20-20 Vision

Shevat 26, 5783
February 17, 2023
Candlelighting Time 5:20 PM 

The parsha concludes with Moshe ascending to Mt. Sinai to receive the Torah. En route, he was accompanied by Yehoshua. Rashi poses the question why was Yehoshua there? He answers quite profoundly that we see the devotion of a disciple. Moshe engaged Hashem and merited to directly receive the Torah from the ‘mouth’ of Hashem. Yehoshua did not have that opportunity but he realized that it is very important to be there for his Rebbe when he descends from the mountain. Therefore, he camped out at the foot of the mountain anxiously awaiting his Rebbe’s return. Did he realize that he would be there for forty days. Moshe did inform the people that he would return in forty days’ time so Yehoshua knew the time frame and could have simply come back at the end of the forty days and greeted his Rebbe upon his return. However, he displayed an anticipation and excitement waiting for his Rebbe and therefore did not leave the area where his Rebbe would return to after spending the forty days on Mt. Sinai. This is a lesson for all to imbibe the importance of devotion and commitment to one’s mentor and especially a Rebbe who has imparted so much Torah to his disciples. 

Rav Shlomo Kluger takes this episode to another level further indicative of the need for emulating one’s Rebbe. Moshe did not immediately encounter Hashem at the mountain top, rather he first was secluded and went through a stage of preparation unknown to us but certainly one which required extreme diligence and thoroughness for a monumental meeting with Hashem. Since the Rebbe required such a rigorous protocol, Yehoshua who received the Torah from Moshe certainly would need such a process which would enable him to also be primed to receive the Torah appropriately from Moshe. Therefore, Yehoshua left the camp and secluded himself at the base of the mountain to enable himself to properly understand the Torah that Moshe would convey to him.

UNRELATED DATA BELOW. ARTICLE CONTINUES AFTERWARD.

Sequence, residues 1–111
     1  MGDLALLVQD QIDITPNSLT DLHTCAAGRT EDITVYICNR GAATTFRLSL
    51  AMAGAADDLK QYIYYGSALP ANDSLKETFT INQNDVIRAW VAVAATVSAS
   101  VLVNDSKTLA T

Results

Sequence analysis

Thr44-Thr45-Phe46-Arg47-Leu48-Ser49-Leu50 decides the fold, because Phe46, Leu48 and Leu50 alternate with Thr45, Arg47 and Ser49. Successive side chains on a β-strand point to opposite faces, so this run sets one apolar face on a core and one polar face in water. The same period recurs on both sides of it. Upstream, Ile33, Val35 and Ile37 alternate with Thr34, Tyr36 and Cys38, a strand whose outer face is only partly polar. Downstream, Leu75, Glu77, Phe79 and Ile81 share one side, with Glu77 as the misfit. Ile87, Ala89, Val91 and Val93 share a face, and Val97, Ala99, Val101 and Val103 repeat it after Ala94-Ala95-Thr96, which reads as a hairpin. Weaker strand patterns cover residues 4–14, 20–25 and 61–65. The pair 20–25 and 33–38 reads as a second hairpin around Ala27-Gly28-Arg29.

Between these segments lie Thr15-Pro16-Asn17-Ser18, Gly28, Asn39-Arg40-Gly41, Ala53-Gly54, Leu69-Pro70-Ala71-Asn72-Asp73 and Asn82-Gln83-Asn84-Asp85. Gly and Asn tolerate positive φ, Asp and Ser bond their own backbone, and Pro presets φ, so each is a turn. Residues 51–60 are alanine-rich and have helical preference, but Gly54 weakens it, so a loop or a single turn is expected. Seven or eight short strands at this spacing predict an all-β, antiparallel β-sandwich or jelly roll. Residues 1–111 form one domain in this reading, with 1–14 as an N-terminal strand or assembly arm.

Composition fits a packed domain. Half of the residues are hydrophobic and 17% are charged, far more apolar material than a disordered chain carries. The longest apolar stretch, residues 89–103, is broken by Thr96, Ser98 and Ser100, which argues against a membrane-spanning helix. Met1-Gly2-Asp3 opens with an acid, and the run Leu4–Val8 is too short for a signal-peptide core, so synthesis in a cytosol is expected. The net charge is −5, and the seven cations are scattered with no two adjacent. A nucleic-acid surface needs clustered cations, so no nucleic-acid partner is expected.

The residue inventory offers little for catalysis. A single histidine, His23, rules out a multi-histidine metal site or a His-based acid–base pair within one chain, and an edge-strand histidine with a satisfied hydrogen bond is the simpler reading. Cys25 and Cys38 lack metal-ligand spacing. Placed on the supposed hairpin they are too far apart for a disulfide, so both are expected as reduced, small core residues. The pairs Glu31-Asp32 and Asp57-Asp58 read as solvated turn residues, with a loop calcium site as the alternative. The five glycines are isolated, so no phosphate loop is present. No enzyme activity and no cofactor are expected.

Netziv adds another significant caveat to this event. Yehoshua was the principal disciple of Moshe and the foremost propagator of Torah for the next generation. He did not accompany Moshe on his initial ascents to Mt. Sinai and therefore we must assume that Moshe instructed him to escort him because Hashem commanded that he should. The special aura that Moshe merited upon his descent from Mt. Sinai after his convocation with Hashem for this extended period of time was transmitted to Yehoshua when he met Moshe immediately after his reception of Torah. Moshe’s face glowed and that otherworldly illumination that Moshe brought with him was transferred to Yehoshua albeit in a somewhat mitigated fashion. As the Talmud states that Moshe’s countenance resembled that of the sun and Yehoshua’s was like that of the moon. The moon reflects the light of the sun and conveys it to us. So too, Moshe transferred his special demeanor and bearing to Yehoshua who absorbed that extraordinary mien and impact.

We know have a clear view of the greatness of Yehoshua which enabled him to be so close to Moshe and capable of leading the next generation of the Jewish people.


The first born brought the sacrifices by Mt. Sinai. But they were referred to as young men. One would assume that the first born would have been the elders of the people because they were the first born. However, their ongoing desire to always serve Hashem with tremendous devotion and commitment required that they would renew their vigor on a daily basis and that robustness resembled that of young men full of strength and stamina.